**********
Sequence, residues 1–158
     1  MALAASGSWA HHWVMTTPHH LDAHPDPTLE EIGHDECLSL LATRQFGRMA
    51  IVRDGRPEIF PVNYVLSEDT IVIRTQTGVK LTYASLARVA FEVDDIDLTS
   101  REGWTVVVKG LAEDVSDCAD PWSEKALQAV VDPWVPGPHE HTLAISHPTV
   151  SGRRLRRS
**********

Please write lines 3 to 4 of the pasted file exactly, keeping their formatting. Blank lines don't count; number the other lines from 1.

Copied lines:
    51  IVRDGRPEIF PVNYVLSEDT IVIRTQTGVK LTYASLARVA FEVDDIDLTS
   101  REGWTVVVKG LAEDVSDCAD PWSEKALQAV VDPWVPGPHE HTLAISHPTV